HMRC offers the Flat Rate Scheme which is designed to make VAT administration easier for many contractors. Rather than claiming VAT on each invoice you pay a percentage of your company turnover. For example 14.5% for an IT consultancy. There are main advantage to this scheme you can continue to charge clients 20% while you give a smaller percentage to HMRC. One downside is that you cannot claim the VAT back on your own business purchases unless they are capital purchases over £2000, which could be an issue for some business types. Another is that if you make a lot of zero rated or VAT exempt sales you’ll still be charged VAT on those sales, even though you’re not charging the client.

 

When you should register for VAT

VAT registration is mandatory for companies who have made taxable sales in the last 12 months above the current VAT registration threshold amount. For the 2013/14 tax year this is £79,000. HMRC usually increases the threshold by around £1,000 each year so for the 2014/15 tax year the threshold is likely to be higher. Even if your sales are unlikely to reach this level you can still voluntarily register your company for VAT. Many contractors choose to do this as it can offer several advantages as claiming back VAT on invoices they receive. If you decide not to register but you believe you’ll exceed the threshold in the near future (if you win a huge contract for example) you should register as soon as possible to remain within HMRC rules.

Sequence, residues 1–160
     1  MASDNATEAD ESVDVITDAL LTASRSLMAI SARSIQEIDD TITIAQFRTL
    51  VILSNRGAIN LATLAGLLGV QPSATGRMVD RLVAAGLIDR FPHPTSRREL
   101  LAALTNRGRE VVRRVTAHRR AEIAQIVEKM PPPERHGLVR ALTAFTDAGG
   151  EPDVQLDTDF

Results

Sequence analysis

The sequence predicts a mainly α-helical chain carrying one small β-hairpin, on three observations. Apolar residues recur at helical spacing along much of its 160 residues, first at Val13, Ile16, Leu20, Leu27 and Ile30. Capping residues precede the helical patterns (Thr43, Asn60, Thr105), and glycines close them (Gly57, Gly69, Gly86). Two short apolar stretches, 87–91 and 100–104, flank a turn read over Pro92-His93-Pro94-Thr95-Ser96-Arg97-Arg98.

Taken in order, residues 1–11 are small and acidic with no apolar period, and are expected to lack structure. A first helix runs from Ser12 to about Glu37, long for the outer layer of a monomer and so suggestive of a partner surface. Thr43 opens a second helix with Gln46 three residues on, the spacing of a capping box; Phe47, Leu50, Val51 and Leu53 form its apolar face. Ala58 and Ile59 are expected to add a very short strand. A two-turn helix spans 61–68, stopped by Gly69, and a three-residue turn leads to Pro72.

How to register for VAT

You need to apply directly to HMRC to register your company for VAT. This can be done online using their website or by post. You can do this yourself or your Intouch accountant can do this for you on your behalf.

 

Quarterly VAT returns at Intouch

At Intouch we offer Quarterly VAT return administration as a standard part of our comprehensive monthly service package (£98 + VAT per month). Contact us to find out more about our services and how we can help take the stress out of running your business.

 

This blog has been prepared by Intouch Accounting. While we have made every attempt to ensure that the information contained in this blog has been obtained from reliable sources, Intouch is not responsible for any errors or omissions, or for the results obtained from the use of this information. This blog should not be used as a substitute for consultation with professional accounting advisers. If you have any specific queries, please contact Intouch Accounting.